PREVIEW: Lizzie Hutton, poetry reading

Feeling poetic? Tuesday, December 6th at 5pm, you can marvel at the talents of UM alum, Lizzie Hutton. I heard about this event because I’m on the mailing list for the English Dept. stuff, being an English major, and it is part of the Zell Visiting Writers Series. I went to the Ghost Writers one, a seminar that they are actually bringing back next week I think, and that was really interesting and slightly spooky (if you’re into that, definitely attend). I’m excited to go to another one in this series considering how entertained I was by the Ghost Writers event. As an aspiring writer, these events are of course appealing, but even if you just enjoy good theatre, good stories, or in this case poetry, I suppose, definitely consider going. Since you hear the story/poem from the mouth of the author who wrote it, you really get swept up in the emotion that was intended by the author. I look forward to hearing Lizzie Hutton read some of her works for this same reason.

The e-mail I received as part of this Zell Series subscription says, “[Hutton’s] poetry has appeared in the Harvard Review, Yale Review, and Antioch Review…in 2009 she won the Sycamore Review’s Wabash Prize in poetry.” Along with that prize and other awards mentioned, Hutton has proven herself as someone worthy of notability in the literary world.

So, Tuesday, Dec. 6th at 5pm in 3222 Angell Hall, come and check out Lizzie Hutton for FREE! Hope to see you there!

PREVIEW: Basement Arts and The Spectrum Center present BARE

Sponsored by World AIDS Week, Basement Arts presents “BARE: A Pop Opera.” I’ve heard so many great things about this show, and I’m so excited to finally get a chance to see it. And it’s FREE! Basements Arts with support from The Spectrum Center is putting on this sure-to-be-stellar musical at the Walgreen Drama Center on North Campus, Studio One. UM Events website says, “A group of high school seniors at a Catholic boarding school faces issues of sexuality and personal identity…they struggle to come to terms with who they are, and who the world thinks they should be…” (UM events). It is sure to be a fantastic event; especially since the other event I went to sponsored by the Spectrum Center was absolutely amazing. I don’t think we will be disappointed.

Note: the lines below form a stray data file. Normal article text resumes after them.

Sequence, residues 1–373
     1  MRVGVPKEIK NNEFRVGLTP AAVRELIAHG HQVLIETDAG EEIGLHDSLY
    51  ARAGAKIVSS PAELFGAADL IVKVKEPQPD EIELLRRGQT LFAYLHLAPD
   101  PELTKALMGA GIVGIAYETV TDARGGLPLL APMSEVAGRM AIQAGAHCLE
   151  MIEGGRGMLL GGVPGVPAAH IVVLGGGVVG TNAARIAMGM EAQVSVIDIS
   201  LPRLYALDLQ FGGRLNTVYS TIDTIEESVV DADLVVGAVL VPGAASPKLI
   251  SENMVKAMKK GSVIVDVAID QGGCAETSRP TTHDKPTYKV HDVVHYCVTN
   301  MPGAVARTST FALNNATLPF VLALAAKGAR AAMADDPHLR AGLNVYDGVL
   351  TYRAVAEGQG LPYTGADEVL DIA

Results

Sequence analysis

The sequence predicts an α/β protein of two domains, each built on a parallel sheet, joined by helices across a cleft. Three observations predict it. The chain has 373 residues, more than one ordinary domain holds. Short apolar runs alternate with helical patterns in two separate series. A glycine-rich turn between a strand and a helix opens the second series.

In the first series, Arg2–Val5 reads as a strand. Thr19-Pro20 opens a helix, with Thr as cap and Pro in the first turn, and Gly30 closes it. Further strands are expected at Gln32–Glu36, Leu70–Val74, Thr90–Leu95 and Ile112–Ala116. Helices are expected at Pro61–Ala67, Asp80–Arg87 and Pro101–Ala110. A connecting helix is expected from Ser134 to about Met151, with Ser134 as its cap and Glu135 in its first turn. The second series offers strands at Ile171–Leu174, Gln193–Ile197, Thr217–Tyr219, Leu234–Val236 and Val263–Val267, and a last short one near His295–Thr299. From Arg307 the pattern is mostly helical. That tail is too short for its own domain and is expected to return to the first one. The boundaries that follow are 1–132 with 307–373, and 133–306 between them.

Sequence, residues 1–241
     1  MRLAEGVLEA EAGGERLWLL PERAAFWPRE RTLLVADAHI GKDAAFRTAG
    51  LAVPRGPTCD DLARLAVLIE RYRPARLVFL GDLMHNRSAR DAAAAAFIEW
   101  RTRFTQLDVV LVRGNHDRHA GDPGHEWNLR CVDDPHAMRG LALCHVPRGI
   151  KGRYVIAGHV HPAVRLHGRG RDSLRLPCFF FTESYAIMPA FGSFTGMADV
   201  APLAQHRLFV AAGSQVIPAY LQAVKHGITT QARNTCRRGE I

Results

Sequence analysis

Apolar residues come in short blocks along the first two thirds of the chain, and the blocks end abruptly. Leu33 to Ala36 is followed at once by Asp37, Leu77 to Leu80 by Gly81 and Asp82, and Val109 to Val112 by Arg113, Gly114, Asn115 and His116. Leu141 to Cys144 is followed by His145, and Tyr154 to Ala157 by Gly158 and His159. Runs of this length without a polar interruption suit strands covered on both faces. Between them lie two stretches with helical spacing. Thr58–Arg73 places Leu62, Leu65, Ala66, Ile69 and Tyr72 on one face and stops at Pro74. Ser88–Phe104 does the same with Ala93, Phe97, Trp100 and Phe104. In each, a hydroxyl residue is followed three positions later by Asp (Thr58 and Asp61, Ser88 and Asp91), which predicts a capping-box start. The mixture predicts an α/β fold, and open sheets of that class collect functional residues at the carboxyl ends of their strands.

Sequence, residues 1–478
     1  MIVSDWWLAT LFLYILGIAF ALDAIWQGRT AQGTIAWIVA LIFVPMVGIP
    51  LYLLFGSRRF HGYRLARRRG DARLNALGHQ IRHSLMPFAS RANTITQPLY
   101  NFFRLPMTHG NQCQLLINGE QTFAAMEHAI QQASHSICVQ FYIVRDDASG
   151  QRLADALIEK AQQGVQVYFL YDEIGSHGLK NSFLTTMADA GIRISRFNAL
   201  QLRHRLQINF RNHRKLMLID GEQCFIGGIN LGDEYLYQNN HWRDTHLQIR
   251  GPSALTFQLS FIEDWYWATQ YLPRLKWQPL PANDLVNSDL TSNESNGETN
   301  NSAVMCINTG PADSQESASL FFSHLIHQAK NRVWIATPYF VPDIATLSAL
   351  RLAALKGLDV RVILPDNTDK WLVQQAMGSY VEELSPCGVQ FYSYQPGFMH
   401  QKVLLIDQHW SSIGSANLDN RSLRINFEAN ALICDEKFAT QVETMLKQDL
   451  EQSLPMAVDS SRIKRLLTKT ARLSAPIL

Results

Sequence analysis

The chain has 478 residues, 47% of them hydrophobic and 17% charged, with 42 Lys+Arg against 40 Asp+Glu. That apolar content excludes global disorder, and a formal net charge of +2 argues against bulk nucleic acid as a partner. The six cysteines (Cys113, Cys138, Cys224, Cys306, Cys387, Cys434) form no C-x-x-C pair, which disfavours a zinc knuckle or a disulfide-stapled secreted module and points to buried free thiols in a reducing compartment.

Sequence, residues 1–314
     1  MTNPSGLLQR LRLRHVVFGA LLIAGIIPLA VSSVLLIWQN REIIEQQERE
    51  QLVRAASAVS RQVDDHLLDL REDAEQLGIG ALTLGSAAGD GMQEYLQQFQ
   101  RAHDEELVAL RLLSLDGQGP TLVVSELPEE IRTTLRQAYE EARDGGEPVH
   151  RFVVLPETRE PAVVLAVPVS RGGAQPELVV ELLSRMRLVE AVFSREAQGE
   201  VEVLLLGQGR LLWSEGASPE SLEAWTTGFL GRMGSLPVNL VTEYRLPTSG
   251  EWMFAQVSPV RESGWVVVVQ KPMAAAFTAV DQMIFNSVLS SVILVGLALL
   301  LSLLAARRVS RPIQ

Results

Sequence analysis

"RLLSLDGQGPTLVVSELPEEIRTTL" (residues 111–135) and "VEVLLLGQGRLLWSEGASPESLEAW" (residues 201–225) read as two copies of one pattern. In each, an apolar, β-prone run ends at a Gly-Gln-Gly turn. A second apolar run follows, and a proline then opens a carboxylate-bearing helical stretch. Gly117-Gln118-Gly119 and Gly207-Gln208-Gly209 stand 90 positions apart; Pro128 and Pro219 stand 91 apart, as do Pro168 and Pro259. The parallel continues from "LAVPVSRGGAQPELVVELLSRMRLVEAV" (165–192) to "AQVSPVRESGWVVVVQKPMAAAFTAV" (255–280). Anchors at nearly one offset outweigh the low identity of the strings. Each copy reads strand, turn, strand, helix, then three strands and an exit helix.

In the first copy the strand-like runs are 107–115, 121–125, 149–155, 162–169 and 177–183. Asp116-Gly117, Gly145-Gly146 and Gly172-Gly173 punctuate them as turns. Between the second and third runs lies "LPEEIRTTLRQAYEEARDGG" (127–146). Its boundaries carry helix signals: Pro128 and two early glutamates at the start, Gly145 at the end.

The performances of “BARE” run December 1st 7pm-9pm, Dec. 2nd 7pm-9pm and 11pm, and Dec. 3rd 7pm-9pm. Attending is free and more information regarding World AIDS week can be found at their website:

Hope you can make it!

REVIEW: Musket’s Cabaret

Upon attending Musket’s production of Caberet Saturday night, I had no idea what to expect. I knew the title song “Caberet” from an old recording I have on a Broadway Classics CD I bought at a used bookstore. I always thought it was cheerful and upbeat, and, logically, I presumed the musical itself would be just as light, fun, and energetic as the title song I knew it by.

Umm…not quite.

Caberet tells the story of Berlin at a dangerously turbulent time in Germany, directly before Hitler comes into power. It is a heart-wrenching story with multiple layers enshrouded by the rising influence of the Hitler youth. Two of the plot lines include an affair between an American writer and a British dancer and a tentative engagement between a landlady and one of her Jewish residents. It is the most moving and thought-provoking musical I’ve seen since Spring Awakening (a musical about teenagers trying to handle the new changes in their minds and bodies; also set in Germany, coincidentally).